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The New Coke; Cooper’s Law Bans Synthetic Cocaine Marketed as “Bath Salts”

Legislator Cooper

The office of Legislator Cooper issued this release:

HUNTINGTON, NY—Cocaine is illegal, right? Right…except when it’s synthetically manufactured and marketed as “bath salts.” The latest rage in so-called “legal drugs,” these stimulants can cause extreme paranoia, hallucinations, psychosis, violent behavior and even suicidal thoughts. They are now being sold over the internet and at “head shops” where other drug paraphernalia is available.

Concerned that unscrupulous drug manufacturers and retailers have found another loophole to purvey their dangerous and potentially lethal wares, the Suffolk County Legislature yesterday unanimously approved a bill sponsored by Legislative Majority Leader Jon Cooper (D-Lloyd Harbor) that bans synthetic cocaine containing the drug known as MDPV, regardless of how it is marketed. This drug is comprised of Methylone (patented in 1996 as an antidepressant) and Mephedrone (a stimulant first synthesized in 1929 but not widely known until it was rediscovered in 2003). It affects the body in ways similar to cocaine, crack and methamphetamines. Under Cooper’s law, those caught selling these compounds will face fines of up to $1,000 and/or up to one year in jail.

These drugs are typically manufactured in Europe, China and India. Besides bath salts, they are also marketed as plant food, pond scum remover and incense. They can be found under brand names like Ivory Wave, Ocean, Charge +, White Lightning, Scarface, Hurricane Charlie, Red Dove, Cloud-9 and White Dove among others. They are typically sold in individual bags—about $20 for a 2-gram pouch. Their iridescent wrappers promise euphoria and invigoration and the packaging usually contains a winking disclaimer that the product is not for human consumption.  Users typically snort, swallow, smoke or even inject the powder or tablets that come in the packages.

“These drugs and those who purvey them are reprehensible,” says Cooper. “They offer a cheap and seemingly legitimate path to entice users. But in the end, the price abusers pay is too high, sometimes the highest of them all. That’s why it’s so important to close this dangerous loophole before even more of our children find themselves ensnared in this trap.”

Public health advocates applaud Cooper’s ban on the sale of synthetic cocaine.

“We are thrilled that Legislator Cooper has once again stepped up to protect Suffolk’s young people. The use of bath salts is increasing both locally and nationally and poses a significant health threat to unsuspecting users,” says Dr. Jeffrey Reynolds, Executive Director of the Long Island Council on Alcoholism and Drug Dependence (LICADD). “The DEA has named bath salts a ‘drug of concern’ and the active ingredient—MDPV—has no therapeutic value. This drug is a stimulant and in the short term is landing young people in emergency rooms with hallucinations, tachycardia, nausea and other symptoms. The long-term impact remains unclear, but is certainly a major concern.”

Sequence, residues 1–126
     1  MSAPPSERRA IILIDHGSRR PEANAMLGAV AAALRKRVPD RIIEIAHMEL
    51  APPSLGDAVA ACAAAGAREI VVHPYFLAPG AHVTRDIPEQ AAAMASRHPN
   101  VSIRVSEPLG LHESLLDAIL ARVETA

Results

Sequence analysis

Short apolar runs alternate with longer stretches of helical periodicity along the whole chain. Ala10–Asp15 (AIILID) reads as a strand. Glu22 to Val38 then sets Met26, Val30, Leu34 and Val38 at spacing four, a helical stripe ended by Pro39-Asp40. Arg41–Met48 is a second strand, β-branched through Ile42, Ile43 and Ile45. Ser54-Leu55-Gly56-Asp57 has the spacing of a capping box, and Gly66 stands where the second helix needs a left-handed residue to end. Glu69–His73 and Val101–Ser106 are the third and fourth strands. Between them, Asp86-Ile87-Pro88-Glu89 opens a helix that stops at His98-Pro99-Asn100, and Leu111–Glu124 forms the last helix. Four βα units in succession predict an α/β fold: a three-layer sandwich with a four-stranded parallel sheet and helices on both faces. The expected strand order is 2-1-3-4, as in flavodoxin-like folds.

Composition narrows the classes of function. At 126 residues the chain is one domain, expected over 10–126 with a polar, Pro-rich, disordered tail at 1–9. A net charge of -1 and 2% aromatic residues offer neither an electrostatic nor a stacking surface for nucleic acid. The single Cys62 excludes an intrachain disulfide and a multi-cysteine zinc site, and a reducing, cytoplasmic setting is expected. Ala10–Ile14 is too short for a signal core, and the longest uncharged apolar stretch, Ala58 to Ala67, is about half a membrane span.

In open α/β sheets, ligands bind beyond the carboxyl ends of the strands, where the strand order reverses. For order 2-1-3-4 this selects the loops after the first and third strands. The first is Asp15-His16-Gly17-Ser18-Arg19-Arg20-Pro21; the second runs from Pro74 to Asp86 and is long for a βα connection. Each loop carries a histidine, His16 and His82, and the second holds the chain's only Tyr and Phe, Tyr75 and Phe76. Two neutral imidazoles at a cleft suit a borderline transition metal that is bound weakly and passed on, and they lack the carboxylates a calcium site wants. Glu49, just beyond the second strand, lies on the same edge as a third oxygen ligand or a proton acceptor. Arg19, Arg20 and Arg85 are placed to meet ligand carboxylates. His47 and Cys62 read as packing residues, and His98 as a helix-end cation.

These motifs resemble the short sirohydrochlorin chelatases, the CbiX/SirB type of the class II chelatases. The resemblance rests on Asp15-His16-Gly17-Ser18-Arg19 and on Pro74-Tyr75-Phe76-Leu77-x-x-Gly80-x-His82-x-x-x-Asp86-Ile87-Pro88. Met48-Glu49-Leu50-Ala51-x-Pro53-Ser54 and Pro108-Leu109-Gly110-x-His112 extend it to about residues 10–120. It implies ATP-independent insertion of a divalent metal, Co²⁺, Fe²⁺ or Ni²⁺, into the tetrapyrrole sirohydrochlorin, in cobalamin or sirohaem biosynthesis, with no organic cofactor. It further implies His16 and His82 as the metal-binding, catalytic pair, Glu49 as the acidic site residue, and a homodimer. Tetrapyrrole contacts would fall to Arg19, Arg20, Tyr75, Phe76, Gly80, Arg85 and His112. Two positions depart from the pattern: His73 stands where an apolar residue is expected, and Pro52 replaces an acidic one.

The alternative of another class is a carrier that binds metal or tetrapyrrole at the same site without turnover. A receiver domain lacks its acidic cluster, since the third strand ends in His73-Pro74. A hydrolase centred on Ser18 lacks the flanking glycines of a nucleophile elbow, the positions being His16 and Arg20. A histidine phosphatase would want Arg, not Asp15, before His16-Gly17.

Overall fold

In 2010 there were 233 reports calls to U.S. poison centers for the ingestion of the chemicals most commonly found in these products, according to the American Association of Poison Control Centers. In the first ten days of 2011, that number had already hit 69.

Florida, Louisiana and North Dakota have already enacted similar prohibitions. Senator Charles Schumer has proposed a bill that would add this drug to a list of federally controlled substances. Earlier this month, the federal Drug Enforcement Agency listed MDPV as a “drug of concern,” which means the agency is examining the possibility of banning its sale.The United Kingdom, Australia, Canada and Israel have already banned the chemicals.

While Cooper is encouraged by the attention these drugs have gotten at the federal level, he warns that it is a very slow and arduous process to obtain a federal prohibition.

“There’s a lengthy process to restrict these types of chemicals, including reviewing the abuse data. It’s a process that can take years,” warns Cooper. “That’s time that too many of our communities—already plagued by illicit drugs—simply cannot afford.”

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